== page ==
Explaining patterns of infection in free-living populations using laboratory immune experiments Academic Article uri icon

abstract

  • The host response to different helminth species can vary and have different consequences for helminth persistence. Often these differences are generated by changes in the dynamics and intensity of the immune components against parasites with distinct life history strategies. We examined the immune response of rabbits to primary infections of the gastrointestinal nematodes Trichostrongylus retortaeformis and Graphidium strigosum under controlled conditions for 120 days post-challenge. Results showed that rabbits developed a robust and effective immune response against T. retortaeformis and abundance quickly decreased in the duodenum and was completely cleared in the remaining sections of the small intestine within 4 months. Infected individuals exhibited an initial strong inflammatory response (IFN-γ), IL-4 expression also increased and was coupled to a rapid serum and mucus IgG and IgA and eosinophilia. Strong IL-4, serum IgA and IgG responses and eosinophilia were also observed against G. strigosum. However, parasite abundance remained consistently high throughout the infection, and this was associated with relatively low mucus antibodies. These findings suggest that immunity plays a key role in affecting the abundance of these nematodes, and different immune mechanisms are involved in regulating the dynamics of each infection and their long-term persistence in free-living host populations.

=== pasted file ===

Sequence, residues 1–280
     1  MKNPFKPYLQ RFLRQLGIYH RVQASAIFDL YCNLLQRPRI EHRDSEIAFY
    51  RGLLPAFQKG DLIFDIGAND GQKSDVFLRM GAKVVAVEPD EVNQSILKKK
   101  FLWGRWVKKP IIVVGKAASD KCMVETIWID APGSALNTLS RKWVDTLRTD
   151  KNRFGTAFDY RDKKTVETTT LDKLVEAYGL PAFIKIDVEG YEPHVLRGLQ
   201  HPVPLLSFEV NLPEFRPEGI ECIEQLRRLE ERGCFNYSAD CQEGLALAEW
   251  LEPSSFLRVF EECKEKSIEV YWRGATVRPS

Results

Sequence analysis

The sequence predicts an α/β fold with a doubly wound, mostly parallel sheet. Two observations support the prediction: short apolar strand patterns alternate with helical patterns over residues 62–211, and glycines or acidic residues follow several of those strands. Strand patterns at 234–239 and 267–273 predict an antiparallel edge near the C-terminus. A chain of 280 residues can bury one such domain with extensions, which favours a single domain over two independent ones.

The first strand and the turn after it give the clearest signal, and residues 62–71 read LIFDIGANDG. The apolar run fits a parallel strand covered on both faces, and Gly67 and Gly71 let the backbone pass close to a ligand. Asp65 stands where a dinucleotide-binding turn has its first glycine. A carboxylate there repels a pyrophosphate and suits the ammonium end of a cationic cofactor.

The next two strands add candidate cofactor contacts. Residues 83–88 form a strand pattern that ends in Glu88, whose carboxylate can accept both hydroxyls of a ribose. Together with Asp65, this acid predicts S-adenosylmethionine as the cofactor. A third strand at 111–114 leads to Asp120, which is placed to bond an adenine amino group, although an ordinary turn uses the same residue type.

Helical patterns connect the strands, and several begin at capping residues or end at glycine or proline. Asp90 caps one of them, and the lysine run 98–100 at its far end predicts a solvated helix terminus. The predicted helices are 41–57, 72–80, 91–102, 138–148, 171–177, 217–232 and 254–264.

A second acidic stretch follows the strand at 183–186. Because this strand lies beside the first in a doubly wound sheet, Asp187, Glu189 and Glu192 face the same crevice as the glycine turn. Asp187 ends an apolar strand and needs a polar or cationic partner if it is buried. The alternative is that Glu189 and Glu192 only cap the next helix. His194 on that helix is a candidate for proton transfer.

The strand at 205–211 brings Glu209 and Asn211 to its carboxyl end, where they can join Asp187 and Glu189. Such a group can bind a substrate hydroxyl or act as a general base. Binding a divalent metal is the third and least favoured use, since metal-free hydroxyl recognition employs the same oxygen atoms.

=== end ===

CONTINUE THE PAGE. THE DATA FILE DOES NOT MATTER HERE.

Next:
authors

publication date

  • 2011